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Markkula Center for Applied Ethics

Dog-Whistle Politics

Dog Whistle Politics

Dog Whistle Politics

The Dangers of Political Speech

Hana Callaghan

This article was originally published in Real Clear Politics on September 24, 2016.

Sticks and stones can break our bones—but words can also hurt us. This year’s presidential campaign has included push-back against political correctness and a rallying cry to get behind politicians who “tell it like it is.” However, words designed to evoke a violent reaction have no place in our political process. Campaign words matter.

Last Friday Donald Trump said, “I think that [Clinton’s] bodyguards should drop all weapons. Take their guns away. She doesn’t want guns … let’s see what happens to her. Take their guns away, OK? It’d be very dangerous.”

Last month, Trump suggested that “Second Amendment people” might be able to stop Hillary Clinton from selecting judges, leaving some with the impression that he was encouraging gun rights advocates to take violent action against her. In both instances the Trump camp walked back the comments, saying that is not what the candidate meant.

Intentional or not, Trump’s comments are incendiary “dog whistles”—veiled messages that are heard by unstable people, which can have a high likelihood of resulting in violence. Were these comments illegal threats? Obviously not. They were, however, reckless, irresponsible, and unethical.

Candidates for public office have the ear of the public. Their words are magnified due to the power of their position and coverage by the press. In some cases they acquire a cult-like following. In 2015, two Trump supporters acknowledged they were influenced by his rhetoric when they beat up a homeless Hispanic man with a pipe, saying, “Donald Trump was right. … All these illegals need to be deported."

In 2008, Hillary Clinton raised eyebrows -- and the blood pressure of the Secret Service -- when she carelessly said that she was staying in the primary because, in essence, you never know what might happen. She told the editorial board of The Sioux Falls Argus Leader, “We all remember Bobby Kennedy was assassinated in June in California.”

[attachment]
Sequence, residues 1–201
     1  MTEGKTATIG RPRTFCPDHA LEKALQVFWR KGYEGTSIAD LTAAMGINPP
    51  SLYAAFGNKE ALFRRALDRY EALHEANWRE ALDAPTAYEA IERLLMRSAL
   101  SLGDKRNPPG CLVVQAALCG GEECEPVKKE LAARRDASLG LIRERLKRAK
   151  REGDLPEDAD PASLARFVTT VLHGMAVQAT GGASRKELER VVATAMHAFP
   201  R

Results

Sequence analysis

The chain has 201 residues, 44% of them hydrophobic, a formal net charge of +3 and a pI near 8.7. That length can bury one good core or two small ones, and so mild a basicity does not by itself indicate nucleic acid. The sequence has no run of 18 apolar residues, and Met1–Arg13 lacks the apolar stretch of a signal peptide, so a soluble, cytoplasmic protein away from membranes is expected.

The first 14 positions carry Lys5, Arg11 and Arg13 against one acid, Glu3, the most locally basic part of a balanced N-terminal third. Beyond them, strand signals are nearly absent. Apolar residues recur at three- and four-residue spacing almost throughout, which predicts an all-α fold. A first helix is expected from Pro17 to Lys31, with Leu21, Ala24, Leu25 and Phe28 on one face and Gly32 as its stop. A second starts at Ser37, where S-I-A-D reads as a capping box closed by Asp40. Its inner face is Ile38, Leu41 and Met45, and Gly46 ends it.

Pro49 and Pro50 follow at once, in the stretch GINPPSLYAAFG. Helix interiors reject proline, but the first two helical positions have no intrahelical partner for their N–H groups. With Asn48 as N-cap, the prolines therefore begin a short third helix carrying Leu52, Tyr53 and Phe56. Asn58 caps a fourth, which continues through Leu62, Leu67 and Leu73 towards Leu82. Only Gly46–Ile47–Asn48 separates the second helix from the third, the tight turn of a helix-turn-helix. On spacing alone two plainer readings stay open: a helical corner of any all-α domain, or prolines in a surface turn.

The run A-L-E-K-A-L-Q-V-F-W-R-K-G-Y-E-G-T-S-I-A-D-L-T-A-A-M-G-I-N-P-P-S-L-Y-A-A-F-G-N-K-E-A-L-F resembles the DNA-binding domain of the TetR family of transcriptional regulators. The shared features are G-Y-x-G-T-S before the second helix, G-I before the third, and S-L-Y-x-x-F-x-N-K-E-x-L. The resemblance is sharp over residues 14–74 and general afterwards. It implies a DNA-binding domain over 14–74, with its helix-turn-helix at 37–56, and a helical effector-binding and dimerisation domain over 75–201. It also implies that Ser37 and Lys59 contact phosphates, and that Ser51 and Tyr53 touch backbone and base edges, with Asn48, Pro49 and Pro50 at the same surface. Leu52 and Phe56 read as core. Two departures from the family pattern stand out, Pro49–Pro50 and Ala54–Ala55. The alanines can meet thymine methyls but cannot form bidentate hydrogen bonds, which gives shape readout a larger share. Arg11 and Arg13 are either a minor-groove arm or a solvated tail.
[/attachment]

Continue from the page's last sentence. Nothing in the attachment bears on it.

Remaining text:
Fortunately, no unstable follower attempted to assassinate Barack Obama as a result of her words. In 2001, however, a paranoid schizophrenic in Arizona did open fire at a Tucson mall where Rep. Gabrielle Giffords was meeting constituents.

Six people were killed that day, including a federal judge, and Giffords was grievously wounded. The shooter, who gravitated toward conspiracy theories, had no rational motivations or even a discernable political ideology -- he obsessively disliked George W. Bush as well as Gabby Giffords -- but local law enforcement officials couldn’t help but wonder whether the reckless rhetoric of Gifford’s political opponents played a role in this tragedy.

That rhetoric included calling her “a target,” along with a graphic showing the cross hairs of a gun sight over a map including her district. Sarah Palin told Republicans they should “reload” with respect to targeted congressional districts.

As Pima County Sheriff Clarence Dupnik told the press at the time, “When you look at unbalanced people, how they respond to the vitriol that comes out of certain mouths about tearing down the government -- the anger, the hatred, the bigotry that goes on in this country is getting to be outrageous.”

“That may be free speech,” he added, “but it is not without consequences.”

Trump supporters argue that the current furor over Trump’s comments is just another example of suppressing free speech in favor of political correctness. It is not political correctness, however, to insist that candidates and their supporters be politically responsible. In this dangerous and highly flammable election environment, we must require our political leaders to anticipate the potential consequences of dangerous rhetoric and choose their words carefully.

Hana Callaghan directs the government ethics program at the Markkula Center for Applied Ethics at Santa Clara University in California and teaches the free online short course "How to Run an Ethical Campaign—and Win!"

(AP Photo/Gerald Herbert, File)

Oct 3, 2016

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